Terrace city council candidate: Lynne Christiansen

City of Terrace: Christiansen, Lynne - Council Candidate

  • Tue Nov 4th, 2014 4:00pm
  • News

Lynne Christiansen is seeking re-election as a Terrace city councillor in the 2014 municipal election.

Lynne Christiansen is running for a sixth consecutive seat on city council. First elected in 1999, she is the longest serving person on the current council.

“The year I came on council was the year the mill went down and we were struggling to figure out how we were going to get a town to work on next to nothing,” said Christiansen of her first term on council when the city’s then major employer, Skeena Cellulose, fell into receivership and eventual bankruptcy.

“You need continuity and someone who has a feel for the history of the community,” she continued, saying that being born and raised in Terrace gives her “a feel for the history of the community.”

Over her past term Christiansen, 58, served as city representative on the Regional District of Kitimat-Stikine and the North Central Government Association.

Currently she sits on the city’s housing committee, Terrace Public Library committee and the healthy communities committee.

A crafter, Christiansen was also president for the Skeena Valley Farmers Market for many years and is currently vice president.

Her professional career, which was put on hold while she overcame a serious illness two years ago, has involved work at drug and alcohol treatment centre and working with people with disabilities through the Northern Health Authority.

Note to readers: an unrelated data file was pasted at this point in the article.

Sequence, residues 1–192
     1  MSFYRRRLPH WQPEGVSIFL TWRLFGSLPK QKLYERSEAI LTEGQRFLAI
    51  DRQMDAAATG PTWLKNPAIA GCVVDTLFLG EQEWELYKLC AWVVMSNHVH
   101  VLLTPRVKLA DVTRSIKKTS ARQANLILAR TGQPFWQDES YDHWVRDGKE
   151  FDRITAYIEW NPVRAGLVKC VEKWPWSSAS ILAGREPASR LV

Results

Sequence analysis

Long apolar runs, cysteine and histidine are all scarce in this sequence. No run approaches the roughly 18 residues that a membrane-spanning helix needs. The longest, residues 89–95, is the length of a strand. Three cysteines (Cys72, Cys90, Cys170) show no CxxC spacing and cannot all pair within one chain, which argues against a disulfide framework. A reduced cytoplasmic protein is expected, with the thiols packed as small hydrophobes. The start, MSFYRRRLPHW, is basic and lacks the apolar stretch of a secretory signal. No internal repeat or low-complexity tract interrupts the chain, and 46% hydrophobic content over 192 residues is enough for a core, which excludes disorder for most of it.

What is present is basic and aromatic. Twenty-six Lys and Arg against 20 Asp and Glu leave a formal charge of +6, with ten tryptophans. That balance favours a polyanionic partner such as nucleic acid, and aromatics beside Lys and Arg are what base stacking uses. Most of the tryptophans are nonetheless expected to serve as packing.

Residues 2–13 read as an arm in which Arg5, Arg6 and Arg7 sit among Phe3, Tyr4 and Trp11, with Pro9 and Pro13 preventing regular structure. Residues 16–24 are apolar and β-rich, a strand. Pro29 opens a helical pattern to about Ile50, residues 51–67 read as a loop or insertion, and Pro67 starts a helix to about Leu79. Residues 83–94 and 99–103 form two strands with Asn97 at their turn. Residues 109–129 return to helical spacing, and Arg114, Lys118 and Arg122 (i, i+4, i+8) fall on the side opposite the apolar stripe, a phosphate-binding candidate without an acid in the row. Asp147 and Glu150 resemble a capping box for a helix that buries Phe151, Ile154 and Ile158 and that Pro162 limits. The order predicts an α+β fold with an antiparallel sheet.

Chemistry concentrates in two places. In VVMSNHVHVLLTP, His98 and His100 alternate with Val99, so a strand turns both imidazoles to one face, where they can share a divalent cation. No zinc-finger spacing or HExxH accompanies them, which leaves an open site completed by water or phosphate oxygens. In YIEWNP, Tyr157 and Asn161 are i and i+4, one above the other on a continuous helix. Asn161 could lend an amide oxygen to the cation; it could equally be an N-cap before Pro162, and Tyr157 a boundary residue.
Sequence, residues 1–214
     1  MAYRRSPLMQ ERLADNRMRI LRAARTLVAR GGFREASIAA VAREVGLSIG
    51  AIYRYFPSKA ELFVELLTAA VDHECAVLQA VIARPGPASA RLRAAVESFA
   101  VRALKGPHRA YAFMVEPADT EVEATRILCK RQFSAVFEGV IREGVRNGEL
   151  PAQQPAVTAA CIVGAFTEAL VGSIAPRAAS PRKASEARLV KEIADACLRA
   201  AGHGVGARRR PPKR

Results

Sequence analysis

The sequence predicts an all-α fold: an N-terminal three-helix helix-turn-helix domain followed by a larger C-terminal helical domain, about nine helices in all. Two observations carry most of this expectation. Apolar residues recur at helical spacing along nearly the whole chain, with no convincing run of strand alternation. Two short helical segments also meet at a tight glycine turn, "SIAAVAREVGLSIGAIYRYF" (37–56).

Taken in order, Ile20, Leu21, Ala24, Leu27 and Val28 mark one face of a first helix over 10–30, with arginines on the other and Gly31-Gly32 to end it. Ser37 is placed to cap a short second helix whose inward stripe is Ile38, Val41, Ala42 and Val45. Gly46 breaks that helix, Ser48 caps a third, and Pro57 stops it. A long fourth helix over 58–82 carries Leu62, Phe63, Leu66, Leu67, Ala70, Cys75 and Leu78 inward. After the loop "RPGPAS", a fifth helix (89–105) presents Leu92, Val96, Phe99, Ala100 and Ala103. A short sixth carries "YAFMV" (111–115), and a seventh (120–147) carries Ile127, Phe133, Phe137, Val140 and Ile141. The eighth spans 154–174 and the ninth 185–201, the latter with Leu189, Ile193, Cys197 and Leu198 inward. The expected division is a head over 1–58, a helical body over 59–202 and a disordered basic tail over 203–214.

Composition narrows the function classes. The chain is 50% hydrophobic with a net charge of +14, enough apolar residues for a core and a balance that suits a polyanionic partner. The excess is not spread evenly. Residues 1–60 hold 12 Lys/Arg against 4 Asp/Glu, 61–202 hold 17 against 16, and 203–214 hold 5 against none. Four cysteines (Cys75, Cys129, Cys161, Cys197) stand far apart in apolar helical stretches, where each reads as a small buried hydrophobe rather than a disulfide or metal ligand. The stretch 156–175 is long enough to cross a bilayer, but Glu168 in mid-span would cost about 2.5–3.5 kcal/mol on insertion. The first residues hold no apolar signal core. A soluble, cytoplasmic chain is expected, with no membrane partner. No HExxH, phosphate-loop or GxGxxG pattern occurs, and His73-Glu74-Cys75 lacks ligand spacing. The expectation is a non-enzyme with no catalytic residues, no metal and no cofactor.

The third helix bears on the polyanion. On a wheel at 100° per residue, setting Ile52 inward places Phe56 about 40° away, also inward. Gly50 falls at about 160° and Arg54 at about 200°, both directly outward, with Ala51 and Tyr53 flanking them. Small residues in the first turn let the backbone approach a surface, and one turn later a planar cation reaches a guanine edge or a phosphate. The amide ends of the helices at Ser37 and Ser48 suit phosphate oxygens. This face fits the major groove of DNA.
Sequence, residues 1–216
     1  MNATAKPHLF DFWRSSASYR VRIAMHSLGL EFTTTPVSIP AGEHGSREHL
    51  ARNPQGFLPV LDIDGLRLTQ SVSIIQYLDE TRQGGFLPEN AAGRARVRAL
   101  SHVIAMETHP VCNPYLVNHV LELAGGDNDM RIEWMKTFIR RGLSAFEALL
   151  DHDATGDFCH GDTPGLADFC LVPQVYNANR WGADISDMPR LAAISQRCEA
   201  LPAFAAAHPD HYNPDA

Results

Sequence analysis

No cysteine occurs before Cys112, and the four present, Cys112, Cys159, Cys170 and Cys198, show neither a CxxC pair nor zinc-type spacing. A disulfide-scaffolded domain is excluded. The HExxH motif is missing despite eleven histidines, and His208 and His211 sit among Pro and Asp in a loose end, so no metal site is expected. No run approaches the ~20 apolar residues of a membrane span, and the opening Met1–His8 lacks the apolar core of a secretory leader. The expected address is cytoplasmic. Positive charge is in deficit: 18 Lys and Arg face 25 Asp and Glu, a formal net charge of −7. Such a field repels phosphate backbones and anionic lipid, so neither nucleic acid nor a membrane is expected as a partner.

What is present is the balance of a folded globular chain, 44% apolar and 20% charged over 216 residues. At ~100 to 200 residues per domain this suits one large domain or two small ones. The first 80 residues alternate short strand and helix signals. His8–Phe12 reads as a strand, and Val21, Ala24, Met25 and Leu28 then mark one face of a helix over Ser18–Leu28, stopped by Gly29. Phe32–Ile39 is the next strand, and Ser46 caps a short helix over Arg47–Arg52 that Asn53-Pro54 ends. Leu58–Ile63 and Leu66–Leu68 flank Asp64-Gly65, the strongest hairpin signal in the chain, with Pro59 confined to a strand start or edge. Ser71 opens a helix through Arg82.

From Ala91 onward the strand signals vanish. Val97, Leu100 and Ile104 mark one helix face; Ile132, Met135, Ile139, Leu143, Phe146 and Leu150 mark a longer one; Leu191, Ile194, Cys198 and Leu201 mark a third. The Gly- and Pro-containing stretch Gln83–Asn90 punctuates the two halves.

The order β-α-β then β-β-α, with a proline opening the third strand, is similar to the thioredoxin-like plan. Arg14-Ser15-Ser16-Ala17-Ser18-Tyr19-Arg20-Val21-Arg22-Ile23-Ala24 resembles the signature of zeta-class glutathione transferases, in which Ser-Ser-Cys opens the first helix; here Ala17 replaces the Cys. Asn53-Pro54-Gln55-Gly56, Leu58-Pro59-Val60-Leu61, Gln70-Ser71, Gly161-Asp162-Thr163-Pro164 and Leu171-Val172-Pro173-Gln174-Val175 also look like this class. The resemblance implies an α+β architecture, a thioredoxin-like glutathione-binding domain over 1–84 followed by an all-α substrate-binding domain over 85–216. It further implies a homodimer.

She said the biggest breakthrough by the council now ending its three-year term was the progress made in securing, developing and now selling portions of the city’s Skeena Industrial Development Park.

“I think our biggest accomplishment and our biggest drive is the airport lands and striving for that industrial base,”she said.

She cites the inability of council to make inroads with major transportation upgrades or to convince the provincial government to help out with affordable housing as areas where the current council fell short of its aspirations.

“Our biggest frustration is to try to get some support from the provincial government for housing,” Christiansen said.

In her opinion cracking that nut will involve continuing to promote regional interests through a proposed and promoted revenue sharing agreement with the provincial government based on potential tax revenues large industrial projects.

Christiansen was nominated by Colleen Davis and Elizabeth Williams.